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Morning Fix: Universal goes big! 'Desperate Housewives' trial begins.

February 28, 2012 |  7:47 am

After the coffee. Before figuring out why I didn't make the cut for the next season of "Dancing with the Stars."

The Skinny: I saw a BMW on Monday with a media placard that allows it to park anywhere without worry. Where can I get one of those? Tuesday's headlines include: a look at Universal Pictures, Wal-Mart may be working with Hollywood on UltraViolet, and previews of the legal battle between a former star of "Desperate Housewives" and the show's creator, Marc Cherry.

NicollettesheridanDaily Dose: The Academy of Motion Pictures Arts and Sciences is taking a lot of heat for Sunday's lackluster show. However, critics seems to have missed the point of behind all those vignettes of stars reminiscing about when they fell in love with the big screen, and all those tributes to classic films. Those weren't there because Hollywood people can't help but talk about themselves. They were there as a bone to theater owners and were aimed at encouraging people to actually go to movies rather than wait for the DVDs or steal the films. Guess the plot wasn't clear enough.

Swinging for the fences. Universal Pictures is taking the big-bet approach to movies. In May, it will release "Battleship," which cost over $200 million. That will be followed by a pair of $175-million movies -- "Snow White and the Huntsman," starring Charlize Theron and Kristen Stewart, and November's "47 Ronin," with Keanu Reeves. Universal Pictures Chairman Adam Fogelson said the new strategy comes in part from new owner Comcast's willingness to put money into the unit. The Los Angeles Times looks at the studio's strategy.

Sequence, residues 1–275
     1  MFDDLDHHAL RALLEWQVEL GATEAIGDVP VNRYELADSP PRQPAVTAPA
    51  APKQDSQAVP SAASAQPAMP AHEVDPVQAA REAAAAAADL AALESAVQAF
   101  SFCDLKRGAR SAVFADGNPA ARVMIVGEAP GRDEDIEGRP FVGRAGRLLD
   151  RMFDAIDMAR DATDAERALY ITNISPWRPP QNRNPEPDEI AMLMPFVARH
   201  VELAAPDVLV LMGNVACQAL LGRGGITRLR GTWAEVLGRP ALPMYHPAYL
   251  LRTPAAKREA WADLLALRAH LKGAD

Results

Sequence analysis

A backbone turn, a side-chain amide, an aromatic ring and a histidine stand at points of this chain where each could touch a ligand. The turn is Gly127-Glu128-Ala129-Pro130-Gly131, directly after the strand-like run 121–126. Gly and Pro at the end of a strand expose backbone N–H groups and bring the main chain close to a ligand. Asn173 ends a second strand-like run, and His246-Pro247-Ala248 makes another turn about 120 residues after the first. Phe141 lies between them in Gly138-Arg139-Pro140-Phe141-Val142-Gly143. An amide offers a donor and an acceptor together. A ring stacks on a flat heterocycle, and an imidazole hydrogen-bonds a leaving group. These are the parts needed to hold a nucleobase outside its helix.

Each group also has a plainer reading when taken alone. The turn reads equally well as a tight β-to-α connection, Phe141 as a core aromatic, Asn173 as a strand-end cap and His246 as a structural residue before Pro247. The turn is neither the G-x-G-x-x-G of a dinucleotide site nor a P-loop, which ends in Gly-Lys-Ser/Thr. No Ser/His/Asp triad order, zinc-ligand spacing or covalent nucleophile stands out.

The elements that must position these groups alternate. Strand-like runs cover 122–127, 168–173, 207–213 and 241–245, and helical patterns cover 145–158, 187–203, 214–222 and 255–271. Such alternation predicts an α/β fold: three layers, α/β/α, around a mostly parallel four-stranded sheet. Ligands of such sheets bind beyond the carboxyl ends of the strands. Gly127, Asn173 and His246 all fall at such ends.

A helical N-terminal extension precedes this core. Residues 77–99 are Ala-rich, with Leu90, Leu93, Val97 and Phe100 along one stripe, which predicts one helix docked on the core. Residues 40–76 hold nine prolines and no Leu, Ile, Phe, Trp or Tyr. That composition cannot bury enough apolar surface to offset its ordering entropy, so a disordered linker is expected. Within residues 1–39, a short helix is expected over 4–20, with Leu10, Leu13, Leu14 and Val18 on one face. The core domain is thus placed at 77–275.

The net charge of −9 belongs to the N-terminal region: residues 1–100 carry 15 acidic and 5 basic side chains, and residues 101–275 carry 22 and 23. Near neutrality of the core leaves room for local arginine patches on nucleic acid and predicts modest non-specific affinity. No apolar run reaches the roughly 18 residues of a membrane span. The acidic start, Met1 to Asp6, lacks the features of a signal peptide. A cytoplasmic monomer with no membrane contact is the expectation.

Better than any soap opera. The trial pitting Nicollette Sheridan, former co-star of ABC's "Desperate Housewives," against the network and the show's creator, Marc Cherry, is starting. Sheridan has charged that she was fired from the hit for daring to take on Cherry and accuse him of hitting her. Lots of big-name executives are on the witness list, including former ABC Entertainment chief Steve McPherson. Several "Desperate Housewives" co-stars are also likely to appear. Previews from the Daily Beast and Deadline Hollywood. Sounds like it will be more entertaining than the legal fight between the Golden Globes and Dick Clark Productions that I was stuck covering for three weeks.

Wal-Mart to the rescue? Wal-Mart may be lending a hand to UltraViolet, Hollywood's struggling service that allows consumers to store movies in an online library. According to the Wall Street Journal, the retail chain will set up account centers to encourage people to embrace the service. I've always learned it is best never to pretend to know more than you do, so I won't even attempt to explain how this works or why UltraViolet is so important to Hollywood -- other than by possibly slowing piracy and being another way to track consumers' spending.

It's just our nature. News Corp. Chairman Rupert Murdoch acknowledged a "culture of illegal payments" at the media giant's Sun newspaper. Several Sun staffers have been accused of bribing law enforcement officials for news tips. There are also probes into whether the British paper tried to buy information from politicians and government officials as well. The Mirror quotes Murdoch as saying, "We have vowed to do everything we can to get to the bottom of prior wrongdoings in order to set us on the right path for the future." I'm guessing that means there's going to be more money in the petty-cash envelope. Additional coverage of the black spots on Murdoch's Sun from the New York Times.

I don't think I qualify. Time Warner Cable, which has flirted with trying to find a way to charge people for how much Internet they use (versus a flat fee), is unveiling a low-budget broadband plan in a part of Texas. According to Multichannel News, the Essentials Broadband plan would cap users at 5 gigabytes per month. I have no idea how much I use, but I'm pretty sure I blow through 5 GB every day.

Inside the Los Angeles Times: Mary McNamara on the PBS documentary "The Amish."

-- Joe Flint

Follow me on Twitter. Like Meryl Streep, I always deliver.

Photo: Nicollette Sheridan in a scene from "Desperate Housewives." Credit: Danny Feld / ABC.